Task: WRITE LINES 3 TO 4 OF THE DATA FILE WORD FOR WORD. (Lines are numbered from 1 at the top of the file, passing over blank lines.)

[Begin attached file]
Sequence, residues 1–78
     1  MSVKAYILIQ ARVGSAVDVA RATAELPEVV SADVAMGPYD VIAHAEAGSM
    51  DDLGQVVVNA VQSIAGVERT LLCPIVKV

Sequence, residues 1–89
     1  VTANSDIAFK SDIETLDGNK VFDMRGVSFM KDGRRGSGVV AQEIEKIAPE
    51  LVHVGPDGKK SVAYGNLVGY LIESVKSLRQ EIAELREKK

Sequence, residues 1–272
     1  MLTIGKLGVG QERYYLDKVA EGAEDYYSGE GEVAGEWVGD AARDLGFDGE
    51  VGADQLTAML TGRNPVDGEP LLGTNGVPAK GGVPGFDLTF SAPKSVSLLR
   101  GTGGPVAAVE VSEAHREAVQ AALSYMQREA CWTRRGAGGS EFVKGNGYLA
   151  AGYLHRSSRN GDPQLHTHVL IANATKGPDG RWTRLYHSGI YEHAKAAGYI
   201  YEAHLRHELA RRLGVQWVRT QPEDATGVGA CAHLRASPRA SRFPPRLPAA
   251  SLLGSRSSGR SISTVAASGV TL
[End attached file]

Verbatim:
    51  DDLGQVVVNA VQSIAGVERT LLCPIVKV

Sequence, residues 1–89